Citation
G.-Y. Dong, L. Z. Cai, X. L. Yang, X. X. Shen, X. F. Meng, X. F. Xu, and Y. R. Wang, "Holographic design and band gap evolution of photonic crystals formed with five-beam symmetric umbrella configuration," Opt. Express 14, 8096-8102 (2006)
http://www.opticsinfobase.org/oe/abstract.cfm?URI=oe-14-18-8096


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References

  1. E. Yablonovitch, "Inhibited spontaneous emission in solid-state physics and electronics," Phys. Rev. Lett. 58, 2059-2062 (1987). [CrossRef] [PubMed]
  2. S. John, "Strong localization of photons in certain disordered dielectric superlattices," Phys. Rev. Lett. 58, 2486-2489 (1987). [CrossRef] [PubMed]
  3. M. Qi, E. Lidorikis, P. T. Rakich, S. G. Johnson, J. D. Joannopoulos, E. P. Ippen, and H. I. Smith, "A three-dimensional optical photonic crystal with designed point defects," Nature (London) 429, 538-542 (2004). [CrossRef]
  4. Y. A. Vlasov, X. Z. Bo, J. C. Sturm, and D. J. Norris, "On-chip natural assembly of silicon photonic bandgap crystals," Nature (London) 414, 289-293 (2001). [CrossRef]
  5. H. B. Sun, S. M. Matsuo, and H. Misawa, "Three-dimensional photonic crystal structures achieved with two-photon-absorption photopolymerization of resin," Appl. Phys. Lett. 74, 786-788 (1999). [CrossRef]
  6. M. Campbell, D. N. Sharp, M. T. Harrison, R. G. Denning, and A. J. Turberfield, "Fabrication of photonic crystals for the visible spectrum by holographic lithography," Nature (London) 404, 53-56 (2000). [CrossRef]
  7. G. Wang, C. Tan, Y. Yi, and H. Shan, "Holography for one-step fabrication of three-dimensional metallodielectric photonic crystals with a single continuous wavelength laser beam," J. Mod. Opt. 50, 2155-2161 (2003).
  8. S. Shoji, H. Sun, and S. Kawata, "Photofabrication of wood-pile three-dimensional photonic crystals using four-beam laser interference," Appl. Phys. Lett. 83, 608-610 (2003). [CrossRef]
  9. C. K. Ullal, M. Maldovan, E. L. Thomas, G. Chen, Y. Han, and S. Yang, "Photonic crystals through holographic lithography: Simple cubic, diamond-like, and gyroid-like structures," Appl. Phys. Lett. 84, 5434-5436 (2004). [CrossRef]
  10. D. N. Sharp, A. J. Turberfield, and R. G. Denning, "Holographic photonic crystals with diamond symmetry," Phys. Rev. B 68, 205102 (2003). [CrossRef]
  11. C. K. Ullal, M. Maldovan, M. Wohlgemuth, C. A. White, S. Yang, and E. L. Thomas, "Triply periodic bicontinuous structures through interference lithography: a level-set approach," J. Opt. Soc. Am. A 20, 948-954 (2003). [CrossRef]
  12. L. Z. Cai, X. L. Yang, and Y. R. Wang, "All fourteen Bravais lattices can be formed by interference of four noncoplanar beams," Opt. Lett. 27, 900-902 (2002). [CrossRef]
  13. X. L. Yang, L. Z. Cai, Y. R. Wang, and Q. Liu, "Interference of four umbrellalike beams by a diffractive beam splitter for fabrication of two-dimensional square and trigonal lattices," Opt. Lett. 28, 453-455 (2003). [CrossRef] [PubMed]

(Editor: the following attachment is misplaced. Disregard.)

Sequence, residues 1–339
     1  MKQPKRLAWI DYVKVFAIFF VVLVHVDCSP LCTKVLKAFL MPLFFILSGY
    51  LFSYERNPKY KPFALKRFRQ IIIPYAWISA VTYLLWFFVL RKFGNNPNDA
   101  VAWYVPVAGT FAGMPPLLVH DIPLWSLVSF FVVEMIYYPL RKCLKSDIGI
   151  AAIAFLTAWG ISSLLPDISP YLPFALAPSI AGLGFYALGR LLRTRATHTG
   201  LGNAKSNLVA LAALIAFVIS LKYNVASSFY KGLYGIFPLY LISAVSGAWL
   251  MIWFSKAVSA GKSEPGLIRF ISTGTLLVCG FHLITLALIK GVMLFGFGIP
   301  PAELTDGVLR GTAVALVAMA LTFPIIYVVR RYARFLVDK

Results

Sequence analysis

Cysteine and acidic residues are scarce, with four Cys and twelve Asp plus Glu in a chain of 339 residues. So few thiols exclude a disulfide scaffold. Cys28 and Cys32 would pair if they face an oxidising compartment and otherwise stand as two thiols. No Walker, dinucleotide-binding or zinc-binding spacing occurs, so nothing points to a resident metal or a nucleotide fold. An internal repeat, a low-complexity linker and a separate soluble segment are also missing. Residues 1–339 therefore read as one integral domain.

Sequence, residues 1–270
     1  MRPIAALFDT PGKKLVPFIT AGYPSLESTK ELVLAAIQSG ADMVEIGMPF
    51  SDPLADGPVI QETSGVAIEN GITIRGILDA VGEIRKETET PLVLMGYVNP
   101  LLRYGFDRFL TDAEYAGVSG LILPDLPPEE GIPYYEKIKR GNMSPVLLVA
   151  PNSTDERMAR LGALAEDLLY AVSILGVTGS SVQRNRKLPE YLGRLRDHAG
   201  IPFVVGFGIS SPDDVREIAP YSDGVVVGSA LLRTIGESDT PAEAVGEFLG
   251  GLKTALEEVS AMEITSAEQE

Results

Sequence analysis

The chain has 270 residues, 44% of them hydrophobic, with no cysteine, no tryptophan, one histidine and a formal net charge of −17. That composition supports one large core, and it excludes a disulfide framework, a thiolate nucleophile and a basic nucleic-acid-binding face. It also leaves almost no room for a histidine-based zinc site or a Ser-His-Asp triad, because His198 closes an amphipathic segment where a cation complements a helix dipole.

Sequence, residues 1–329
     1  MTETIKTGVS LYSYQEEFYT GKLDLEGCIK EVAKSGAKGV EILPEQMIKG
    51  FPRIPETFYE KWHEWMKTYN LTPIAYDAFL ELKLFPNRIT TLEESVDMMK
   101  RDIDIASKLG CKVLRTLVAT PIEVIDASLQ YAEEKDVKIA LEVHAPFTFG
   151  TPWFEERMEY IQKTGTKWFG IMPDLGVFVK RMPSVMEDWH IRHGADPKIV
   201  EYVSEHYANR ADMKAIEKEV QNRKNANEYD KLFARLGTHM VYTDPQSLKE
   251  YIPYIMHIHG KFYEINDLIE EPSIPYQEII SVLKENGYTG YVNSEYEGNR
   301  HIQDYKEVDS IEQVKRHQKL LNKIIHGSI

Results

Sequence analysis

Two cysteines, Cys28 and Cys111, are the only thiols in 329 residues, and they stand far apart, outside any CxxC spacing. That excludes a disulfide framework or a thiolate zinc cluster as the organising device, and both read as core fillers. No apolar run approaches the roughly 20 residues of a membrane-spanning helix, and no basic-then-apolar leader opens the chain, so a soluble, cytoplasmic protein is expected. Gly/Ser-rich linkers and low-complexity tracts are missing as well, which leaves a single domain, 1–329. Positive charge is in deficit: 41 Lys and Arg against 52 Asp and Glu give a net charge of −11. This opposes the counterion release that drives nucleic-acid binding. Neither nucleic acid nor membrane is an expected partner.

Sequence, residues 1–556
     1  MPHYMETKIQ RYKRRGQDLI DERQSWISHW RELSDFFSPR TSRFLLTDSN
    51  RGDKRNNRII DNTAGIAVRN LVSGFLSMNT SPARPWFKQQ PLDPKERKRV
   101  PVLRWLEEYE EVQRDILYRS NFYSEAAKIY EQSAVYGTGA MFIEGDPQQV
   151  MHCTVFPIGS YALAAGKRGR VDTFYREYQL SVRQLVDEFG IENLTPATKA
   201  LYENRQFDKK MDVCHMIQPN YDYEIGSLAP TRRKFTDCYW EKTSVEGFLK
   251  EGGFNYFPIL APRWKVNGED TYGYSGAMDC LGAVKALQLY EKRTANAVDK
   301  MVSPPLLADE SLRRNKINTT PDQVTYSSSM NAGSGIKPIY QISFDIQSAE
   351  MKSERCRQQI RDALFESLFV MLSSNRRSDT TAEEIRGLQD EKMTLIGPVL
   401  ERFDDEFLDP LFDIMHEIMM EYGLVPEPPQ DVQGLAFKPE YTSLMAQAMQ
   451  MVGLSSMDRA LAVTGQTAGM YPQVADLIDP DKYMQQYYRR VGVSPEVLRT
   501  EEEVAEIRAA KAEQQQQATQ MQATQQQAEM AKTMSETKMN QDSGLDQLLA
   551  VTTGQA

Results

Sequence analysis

14. X. L. Yang, L. Z. Cai, and Q. Liu, "Theoretical bandgap modeling of two-dimensional triangular photonic crystals formed by interference technique of three-noncoplanar beams," Opt. Express. 11, 1050-1055 (2003). [CrossRef] [PubMed]
  15. I. Divliansky, T. S. Mayer, K. S. Holliday, and V. H. Crespi, "Fabrication of three-dimensional polymer photonic crystal structures using single diffraction element interference lithography," Appl. Phys. Lett. 82, 1667-1669 (2003). [CrossRef]
  16. Yu. V. Miklyaev, D. C. Meisel, A. Blanco, and G. von Freymann, "Three-dimensional face-centered-cubic photonic crystal templates by laser holography: fabrication, optical characterization, and band-structure calculations," Appl. Phys. Lett. 82, 1284-1286 (2003). [CrossRef]
  17. D. C. Meisel, M. Wegener, and K. Busch, "Three-dimensional photonic crystals by holographic lithography using the umbrella configuration: symmetries and complete photonic band gaps," Phys. Rev. B 70, 165104 (2004). [CrossRef]
  18. M. Maldovan, A. M. Urbas, N. Yufa, W. C. Carter, and E. L. Thomas, "Photonic properties of bicontinuous cubic microphases," Phys. Rev. B 65, 165123 (2002). [CrossRef]
  19. O. Toader, T. Y. M. Chan, and S. John, "Photonic band gap architectures for holographic lithography," Phys. Rev. Lett. 92, 043905 (2004). [CrossRef] [PubMed]
  20. T. Y. M. Chan, O. Toader, and S. John, "Photonic band gap templating using optical interference lithography," Phys. Rev. E. 71, 046605 (2005). [CrossRef]
  21. Y. Lin, P. R. Herman, and K. Darmawikarta, "Design and holographic fabrication of tetragonal and cubic photonic crystals with phase mask: toward the mass-production of three-dimensional photonic crystals," Appl. Phys. Lett. 86, 071117 (2005). [CrossRef]
  22. W. Y. Tam, "Woodpile and diamond structures by optical interference holography," (2006), http://arxiv.org/ftp/physics/papers/0607/0607092.
  23. K. Busch and S. John, "Photonic band gap formation in certain self-organizing systems," Phys. Rev. E 58, 3896-3908 (1998). [CrossRef]
  24. K. M. Ho, C. T. Chan, and C. M. Soukoulis, "Existence of a photonic gap in periodic dielectric structures," Phys. Rev. Lett. 65, 3152-3155 (1990). [CrossRef] [PubMed]
  25. B. Gralak and M. de Dood, "Theoretical study of photonic band gaps in woodpile crystals," Phys. Rev. E 67, 066601 (2003). [CrossRef]